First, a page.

January 28 is the feast day of St. Thomas Aquinas. He is a giant in the Catholic intellectual tradition, but his mental powers did not outpace his prayerful faithfulness.
Born in 1225 in Aquino, Italy, he was educated at the Monte Cassino monastery before studying at the University of Naples when he was 13. There, Thomas met the Order of Preachers, the religious community founded by St. Dominic.
When considering joining religious life, Thomas’ noble family supported him, but they did not want him to join a community that strongly emphasized poverty. So they kidnapped him and tried to talk him out of joining the Dominicans. In fact, they even brought in a prostitute with the intention of luring Thomas to sin. But the tactic did not work — Thomas just chased her out. While he was confined by his family, Thomas began studying the Bible, even learning much of it by heart.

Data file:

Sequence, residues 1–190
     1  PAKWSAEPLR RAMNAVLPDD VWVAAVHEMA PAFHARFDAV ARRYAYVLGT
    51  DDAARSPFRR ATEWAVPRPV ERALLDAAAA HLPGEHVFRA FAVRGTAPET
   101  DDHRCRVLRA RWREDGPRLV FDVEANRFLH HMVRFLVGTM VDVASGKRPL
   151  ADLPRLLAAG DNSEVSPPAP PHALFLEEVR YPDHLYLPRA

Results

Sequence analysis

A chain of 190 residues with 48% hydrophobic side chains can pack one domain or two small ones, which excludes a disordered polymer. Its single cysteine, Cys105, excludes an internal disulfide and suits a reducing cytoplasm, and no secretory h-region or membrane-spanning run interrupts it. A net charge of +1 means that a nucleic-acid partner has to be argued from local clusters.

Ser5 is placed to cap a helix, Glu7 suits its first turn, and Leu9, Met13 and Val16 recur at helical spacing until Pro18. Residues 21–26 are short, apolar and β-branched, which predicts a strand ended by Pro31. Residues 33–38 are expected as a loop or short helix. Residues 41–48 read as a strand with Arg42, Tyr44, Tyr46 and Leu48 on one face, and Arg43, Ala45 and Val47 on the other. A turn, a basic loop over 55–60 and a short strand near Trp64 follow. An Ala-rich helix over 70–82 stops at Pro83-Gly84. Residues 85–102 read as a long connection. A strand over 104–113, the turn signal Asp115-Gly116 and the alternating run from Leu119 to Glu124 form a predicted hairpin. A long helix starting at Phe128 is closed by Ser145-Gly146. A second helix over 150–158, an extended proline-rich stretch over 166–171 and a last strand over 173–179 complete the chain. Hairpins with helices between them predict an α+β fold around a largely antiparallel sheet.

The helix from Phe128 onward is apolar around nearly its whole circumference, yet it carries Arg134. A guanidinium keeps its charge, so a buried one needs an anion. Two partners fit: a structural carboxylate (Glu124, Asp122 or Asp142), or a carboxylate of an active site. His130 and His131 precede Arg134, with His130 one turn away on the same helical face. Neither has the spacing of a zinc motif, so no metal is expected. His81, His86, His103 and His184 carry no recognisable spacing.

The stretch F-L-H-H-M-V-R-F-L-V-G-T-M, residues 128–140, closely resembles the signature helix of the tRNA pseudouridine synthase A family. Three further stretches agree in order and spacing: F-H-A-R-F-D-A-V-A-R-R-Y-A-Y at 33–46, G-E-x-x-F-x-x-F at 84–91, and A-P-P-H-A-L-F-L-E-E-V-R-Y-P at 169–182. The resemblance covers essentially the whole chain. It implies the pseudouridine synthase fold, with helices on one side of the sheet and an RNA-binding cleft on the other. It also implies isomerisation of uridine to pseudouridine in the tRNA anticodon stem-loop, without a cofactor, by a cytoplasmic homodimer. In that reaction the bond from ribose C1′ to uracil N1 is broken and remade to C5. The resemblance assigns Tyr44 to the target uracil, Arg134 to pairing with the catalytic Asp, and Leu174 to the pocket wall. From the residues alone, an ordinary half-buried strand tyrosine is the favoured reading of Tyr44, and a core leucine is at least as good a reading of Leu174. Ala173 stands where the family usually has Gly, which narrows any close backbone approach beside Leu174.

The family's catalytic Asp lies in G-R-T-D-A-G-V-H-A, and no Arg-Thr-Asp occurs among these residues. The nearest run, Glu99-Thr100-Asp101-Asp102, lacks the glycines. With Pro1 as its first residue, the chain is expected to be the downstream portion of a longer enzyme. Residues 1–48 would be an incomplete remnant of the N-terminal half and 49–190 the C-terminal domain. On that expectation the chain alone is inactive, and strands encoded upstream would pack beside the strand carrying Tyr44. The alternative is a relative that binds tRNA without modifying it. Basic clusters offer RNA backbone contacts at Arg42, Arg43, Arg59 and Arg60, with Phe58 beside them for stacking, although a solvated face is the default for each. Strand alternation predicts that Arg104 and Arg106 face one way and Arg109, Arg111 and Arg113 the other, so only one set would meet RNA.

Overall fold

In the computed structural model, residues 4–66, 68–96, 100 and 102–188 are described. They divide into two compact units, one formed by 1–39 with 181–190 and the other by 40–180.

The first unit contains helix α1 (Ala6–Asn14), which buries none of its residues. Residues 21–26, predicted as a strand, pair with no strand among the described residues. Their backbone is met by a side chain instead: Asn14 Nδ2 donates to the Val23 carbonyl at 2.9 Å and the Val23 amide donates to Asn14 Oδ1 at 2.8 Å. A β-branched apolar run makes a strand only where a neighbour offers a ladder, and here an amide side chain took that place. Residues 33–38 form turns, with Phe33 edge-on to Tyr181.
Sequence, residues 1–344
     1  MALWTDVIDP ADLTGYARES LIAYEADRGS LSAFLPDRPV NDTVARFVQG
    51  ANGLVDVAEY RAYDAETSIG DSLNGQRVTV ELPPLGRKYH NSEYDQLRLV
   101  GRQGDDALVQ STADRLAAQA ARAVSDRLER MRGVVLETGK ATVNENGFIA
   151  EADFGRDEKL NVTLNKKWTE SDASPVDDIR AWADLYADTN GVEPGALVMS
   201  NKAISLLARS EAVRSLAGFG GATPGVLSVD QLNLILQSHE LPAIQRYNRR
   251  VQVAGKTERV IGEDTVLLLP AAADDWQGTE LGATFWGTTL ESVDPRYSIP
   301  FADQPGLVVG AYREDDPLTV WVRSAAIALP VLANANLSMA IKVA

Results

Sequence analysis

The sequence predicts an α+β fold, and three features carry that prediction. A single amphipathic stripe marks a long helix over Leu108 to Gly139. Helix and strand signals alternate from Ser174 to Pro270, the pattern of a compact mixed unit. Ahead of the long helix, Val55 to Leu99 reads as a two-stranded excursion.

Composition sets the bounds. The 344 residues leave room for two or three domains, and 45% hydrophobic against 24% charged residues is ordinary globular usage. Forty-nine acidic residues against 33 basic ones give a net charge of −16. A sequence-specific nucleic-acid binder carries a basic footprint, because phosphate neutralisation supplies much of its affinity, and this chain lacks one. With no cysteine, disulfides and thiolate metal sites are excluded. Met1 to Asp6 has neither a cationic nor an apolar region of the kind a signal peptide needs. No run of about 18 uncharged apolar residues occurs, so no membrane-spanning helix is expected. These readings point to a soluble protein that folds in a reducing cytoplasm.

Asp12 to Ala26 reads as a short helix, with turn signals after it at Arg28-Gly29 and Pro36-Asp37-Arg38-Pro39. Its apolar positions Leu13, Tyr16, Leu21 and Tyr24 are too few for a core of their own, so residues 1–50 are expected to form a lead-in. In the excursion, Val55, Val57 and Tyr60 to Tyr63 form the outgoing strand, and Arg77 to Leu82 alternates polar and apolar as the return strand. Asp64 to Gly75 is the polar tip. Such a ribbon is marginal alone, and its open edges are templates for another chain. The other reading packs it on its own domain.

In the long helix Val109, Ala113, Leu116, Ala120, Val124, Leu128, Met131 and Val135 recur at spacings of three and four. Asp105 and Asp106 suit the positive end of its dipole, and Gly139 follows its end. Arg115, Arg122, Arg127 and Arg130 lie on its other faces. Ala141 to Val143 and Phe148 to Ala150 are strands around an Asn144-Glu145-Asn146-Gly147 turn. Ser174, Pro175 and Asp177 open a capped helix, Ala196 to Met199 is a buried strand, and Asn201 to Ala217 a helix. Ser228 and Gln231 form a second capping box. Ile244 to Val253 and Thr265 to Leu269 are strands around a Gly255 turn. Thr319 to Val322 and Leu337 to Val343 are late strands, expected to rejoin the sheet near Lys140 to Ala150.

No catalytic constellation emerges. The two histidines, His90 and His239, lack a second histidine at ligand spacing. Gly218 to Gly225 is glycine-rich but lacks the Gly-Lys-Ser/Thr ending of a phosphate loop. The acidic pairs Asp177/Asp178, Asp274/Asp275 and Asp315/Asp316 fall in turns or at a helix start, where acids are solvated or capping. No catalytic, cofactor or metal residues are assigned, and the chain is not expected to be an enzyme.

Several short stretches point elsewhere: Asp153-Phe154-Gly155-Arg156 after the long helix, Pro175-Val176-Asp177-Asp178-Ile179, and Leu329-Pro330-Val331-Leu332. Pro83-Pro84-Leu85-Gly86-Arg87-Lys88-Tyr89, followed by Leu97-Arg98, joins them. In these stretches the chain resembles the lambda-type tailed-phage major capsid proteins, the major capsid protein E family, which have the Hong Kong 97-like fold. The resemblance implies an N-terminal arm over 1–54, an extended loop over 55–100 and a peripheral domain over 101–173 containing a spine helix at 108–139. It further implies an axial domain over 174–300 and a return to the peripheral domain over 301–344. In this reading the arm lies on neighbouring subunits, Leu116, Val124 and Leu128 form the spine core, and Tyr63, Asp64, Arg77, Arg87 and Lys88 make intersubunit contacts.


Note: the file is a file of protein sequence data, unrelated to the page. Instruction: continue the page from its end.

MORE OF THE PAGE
Eventually, his family gave up and he completed his studies under St. Albert the Great at the University of Cologne. As he began his classes, Thomas was given the name “dumb ox” because he did not initially participate in class discussions like his other classmates. Yet, Thomas’ incredible intelligence would soon prove he had plenty going on upstairs.
Outside of the classroom, Thomas developed a rich prayer life — during Mass, he would fully submit himself to God and give his full attention to the Eucharist.
After receiving his doctorate, Thomas taught at the University of Paris and preached across Italy. He incorporated the philosophy of Aristotle in his explanations of divine revelation, and the theology that flowed from his synthesis has served the Church for centuries. Though he never finished his greatest work, the Summa Theologiae, it remains the fullest body of theological teaching ever written.
Thomas died at the age of 50 following an illness. After being canonized, he was declared a doctor of the Church.
Get to know the patron saint of students, universities, and schools through our study playlist inspired by his life and work.